Last week, the first ever court award was announced for a vaccinate-related autism claim. The family of Hannah Poling said that she was developing at a normal rate, until she received vaccinations for nine diseases when she was 18 months old. The diseases included measles, mumps, rubella, pertussis, tetanus, Haemophilus influenzae, polio, varicella, and diphtheria.
The Poling family is set to receive more than $1.5 million dollars to take care of Hannah for the first year alone. They will then receive over $500,000 each year. This could total $20 million in her lifetime, according to a party who is familiar with the case.
After Poling received the vaccinations in July of 2000, she took a turn for the worse. She developed many symptoms that are common among children with autism, such as finicky eating happens, screaming tantrums, and not acknowledging or making contact with others in the same vicinity. The claim was filed in federal vaccine court in 2002, and was settled by the government five years later. The rest of the wait was then dedicated to figuring out how much the family should receive.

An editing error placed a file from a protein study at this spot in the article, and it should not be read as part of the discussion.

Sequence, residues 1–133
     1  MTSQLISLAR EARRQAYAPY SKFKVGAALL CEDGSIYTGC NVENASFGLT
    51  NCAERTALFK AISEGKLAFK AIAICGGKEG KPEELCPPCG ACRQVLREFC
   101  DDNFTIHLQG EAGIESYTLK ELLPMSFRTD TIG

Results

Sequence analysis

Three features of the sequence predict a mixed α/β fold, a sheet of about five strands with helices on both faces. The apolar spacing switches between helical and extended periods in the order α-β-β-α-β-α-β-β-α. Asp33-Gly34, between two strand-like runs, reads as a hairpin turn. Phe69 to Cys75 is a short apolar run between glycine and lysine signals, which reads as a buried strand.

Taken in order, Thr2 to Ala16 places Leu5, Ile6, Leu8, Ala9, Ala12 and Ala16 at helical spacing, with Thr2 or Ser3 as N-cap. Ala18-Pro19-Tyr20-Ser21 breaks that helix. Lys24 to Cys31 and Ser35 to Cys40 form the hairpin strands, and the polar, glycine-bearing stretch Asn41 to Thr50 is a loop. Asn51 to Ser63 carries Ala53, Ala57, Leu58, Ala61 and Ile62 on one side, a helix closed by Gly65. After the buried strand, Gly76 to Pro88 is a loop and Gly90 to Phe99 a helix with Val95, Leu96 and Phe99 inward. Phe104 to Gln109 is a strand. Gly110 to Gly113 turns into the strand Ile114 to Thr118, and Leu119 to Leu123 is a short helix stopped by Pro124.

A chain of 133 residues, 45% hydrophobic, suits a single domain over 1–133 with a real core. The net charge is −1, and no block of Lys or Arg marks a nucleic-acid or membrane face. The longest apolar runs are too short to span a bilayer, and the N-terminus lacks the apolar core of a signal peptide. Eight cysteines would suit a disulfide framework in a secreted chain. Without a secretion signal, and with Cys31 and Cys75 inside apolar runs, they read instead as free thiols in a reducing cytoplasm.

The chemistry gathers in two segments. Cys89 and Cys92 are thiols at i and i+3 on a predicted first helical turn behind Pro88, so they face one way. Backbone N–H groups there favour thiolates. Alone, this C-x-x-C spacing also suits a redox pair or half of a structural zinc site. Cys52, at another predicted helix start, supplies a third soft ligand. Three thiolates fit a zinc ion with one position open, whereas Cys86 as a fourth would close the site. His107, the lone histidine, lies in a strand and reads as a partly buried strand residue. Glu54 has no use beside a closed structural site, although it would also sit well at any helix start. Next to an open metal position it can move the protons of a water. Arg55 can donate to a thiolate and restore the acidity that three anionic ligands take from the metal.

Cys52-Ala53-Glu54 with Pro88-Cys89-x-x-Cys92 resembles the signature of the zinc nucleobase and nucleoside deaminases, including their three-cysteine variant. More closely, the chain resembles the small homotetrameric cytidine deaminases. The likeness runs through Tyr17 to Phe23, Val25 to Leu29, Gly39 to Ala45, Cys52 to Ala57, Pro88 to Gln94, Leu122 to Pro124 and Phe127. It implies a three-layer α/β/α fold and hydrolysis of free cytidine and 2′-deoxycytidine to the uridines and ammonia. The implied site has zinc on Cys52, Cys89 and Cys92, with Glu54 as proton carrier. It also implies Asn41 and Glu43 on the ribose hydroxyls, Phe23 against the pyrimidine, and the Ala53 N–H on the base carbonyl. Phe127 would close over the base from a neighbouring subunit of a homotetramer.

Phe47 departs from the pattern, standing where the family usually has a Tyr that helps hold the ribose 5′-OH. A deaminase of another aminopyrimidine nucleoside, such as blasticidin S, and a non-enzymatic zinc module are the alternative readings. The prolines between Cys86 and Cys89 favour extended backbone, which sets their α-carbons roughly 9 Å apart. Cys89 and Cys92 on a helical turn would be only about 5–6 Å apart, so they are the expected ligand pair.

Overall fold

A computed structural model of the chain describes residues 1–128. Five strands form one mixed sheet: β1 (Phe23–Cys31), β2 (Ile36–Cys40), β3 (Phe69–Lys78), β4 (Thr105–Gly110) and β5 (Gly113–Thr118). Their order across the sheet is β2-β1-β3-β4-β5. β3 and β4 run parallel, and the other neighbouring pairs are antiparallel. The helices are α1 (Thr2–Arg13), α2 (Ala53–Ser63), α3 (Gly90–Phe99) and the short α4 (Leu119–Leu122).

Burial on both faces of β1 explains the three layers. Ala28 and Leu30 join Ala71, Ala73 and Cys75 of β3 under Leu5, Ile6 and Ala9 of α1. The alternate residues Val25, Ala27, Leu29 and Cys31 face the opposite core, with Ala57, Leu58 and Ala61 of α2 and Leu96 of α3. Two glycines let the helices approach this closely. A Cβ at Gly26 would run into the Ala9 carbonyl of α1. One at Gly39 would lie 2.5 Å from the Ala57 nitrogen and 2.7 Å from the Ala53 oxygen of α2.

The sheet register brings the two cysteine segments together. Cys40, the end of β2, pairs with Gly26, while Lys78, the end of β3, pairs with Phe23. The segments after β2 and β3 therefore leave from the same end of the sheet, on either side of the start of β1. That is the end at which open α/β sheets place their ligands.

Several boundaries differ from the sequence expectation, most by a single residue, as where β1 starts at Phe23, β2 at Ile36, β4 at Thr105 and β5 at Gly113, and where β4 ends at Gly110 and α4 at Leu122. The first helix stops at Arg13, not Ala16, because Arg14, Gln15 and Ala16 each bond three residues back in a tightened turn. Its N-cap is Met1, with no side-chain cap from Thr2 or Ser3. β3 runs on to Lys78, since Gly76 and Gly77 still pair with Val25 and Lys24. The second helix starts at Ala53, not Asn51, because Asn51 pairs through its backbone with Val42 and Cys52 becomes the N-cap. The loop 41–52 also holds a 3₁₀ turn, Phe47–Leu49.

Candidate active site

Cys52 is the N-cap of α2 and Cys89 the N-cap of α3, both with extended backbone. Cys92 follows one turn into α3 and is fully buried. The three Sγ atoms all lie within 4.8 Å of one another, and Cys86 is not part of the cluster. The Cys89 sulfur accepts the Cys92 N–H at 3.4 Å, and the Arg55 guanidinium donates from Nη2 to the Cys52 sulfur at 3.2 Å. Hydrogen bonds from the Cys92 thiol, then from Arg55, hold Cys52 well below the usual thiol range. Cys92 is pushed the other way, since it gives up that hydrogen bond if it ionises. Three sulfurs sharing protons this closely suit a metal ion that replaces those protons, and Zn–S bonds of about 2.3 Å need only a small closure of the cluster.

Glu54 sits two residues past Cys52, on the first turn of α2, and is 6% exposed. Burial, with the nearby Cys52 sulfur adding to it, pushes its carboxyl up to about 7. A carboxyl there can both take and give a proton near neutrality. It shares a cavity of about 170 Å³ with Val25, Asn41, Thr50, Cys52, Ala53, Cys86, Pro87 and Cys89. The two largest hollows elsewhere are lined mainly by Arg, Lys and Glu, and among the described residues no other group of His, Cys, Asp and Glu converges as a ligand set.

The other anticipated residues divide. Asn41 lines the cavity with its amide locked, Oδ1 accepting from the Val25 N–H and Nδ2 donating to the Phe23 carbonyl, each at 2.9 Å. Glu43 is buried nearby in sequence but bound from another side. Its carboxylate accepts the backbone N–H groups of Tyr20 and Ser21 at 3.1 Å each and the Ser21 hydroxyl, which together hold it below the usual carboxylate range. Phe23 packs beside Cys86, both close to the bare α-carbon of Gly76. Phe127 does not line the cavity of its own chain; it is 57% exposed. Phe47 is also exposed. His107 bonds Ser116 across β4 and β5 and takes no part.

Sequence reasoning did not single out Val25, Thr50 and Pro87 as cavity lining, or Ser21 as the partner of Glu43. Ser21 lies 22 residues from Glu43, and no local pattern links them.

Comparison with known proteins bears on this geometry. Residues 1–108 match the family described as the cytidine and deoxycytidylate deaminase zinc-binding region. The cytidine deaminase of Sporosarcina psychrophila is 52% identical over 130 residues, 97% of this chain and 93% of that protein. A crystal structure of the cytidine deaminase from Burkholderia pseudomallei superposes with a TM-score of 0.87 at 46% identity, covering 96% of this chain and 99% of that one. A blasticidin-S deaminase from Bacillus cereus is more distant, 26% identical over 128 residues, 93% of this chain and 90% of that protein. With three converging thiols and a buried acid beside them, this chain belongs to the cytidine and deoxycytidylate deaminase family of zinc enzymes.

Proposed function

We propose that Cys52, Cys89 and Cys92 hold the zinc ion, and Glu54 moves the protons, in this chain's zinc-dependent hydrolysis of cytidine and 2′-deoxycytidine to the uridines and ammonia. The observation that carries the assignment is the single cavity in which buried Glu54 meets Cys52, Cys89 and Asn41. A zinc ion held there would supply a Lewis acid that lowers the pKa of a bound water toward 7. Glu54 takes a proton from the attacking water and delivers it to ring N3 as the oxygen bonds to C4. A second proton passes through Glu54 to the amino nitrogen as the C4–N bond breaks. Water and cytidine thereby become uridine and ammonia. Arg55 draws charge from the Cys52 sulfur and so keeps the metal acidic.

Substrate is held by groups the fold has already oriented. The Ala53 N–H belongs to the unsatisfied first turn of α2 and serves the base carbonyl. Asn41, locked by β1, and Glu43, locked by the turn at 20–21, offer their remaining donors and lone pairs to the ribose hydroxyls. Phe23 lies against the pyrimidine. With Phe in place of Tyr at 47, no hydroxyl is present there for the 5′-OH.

What does this mean for the autism-vaccine debate? The government’s stance is that the vaccines served as a catalyst to an unknown mitochondrial disorder that Hannah had. Thus, her autism was a “result” of the vaccines, not “caused by” the vaccines.
Julie Gerberding, former Director of the Centers for Disease Control and current president of Merck Vaccines, said: “The government has made absolutely no statement indicating that vaccines are a cause of autism. This does not represent anything other than a very specific situation and a very sad situation as far as the family of the affected child.”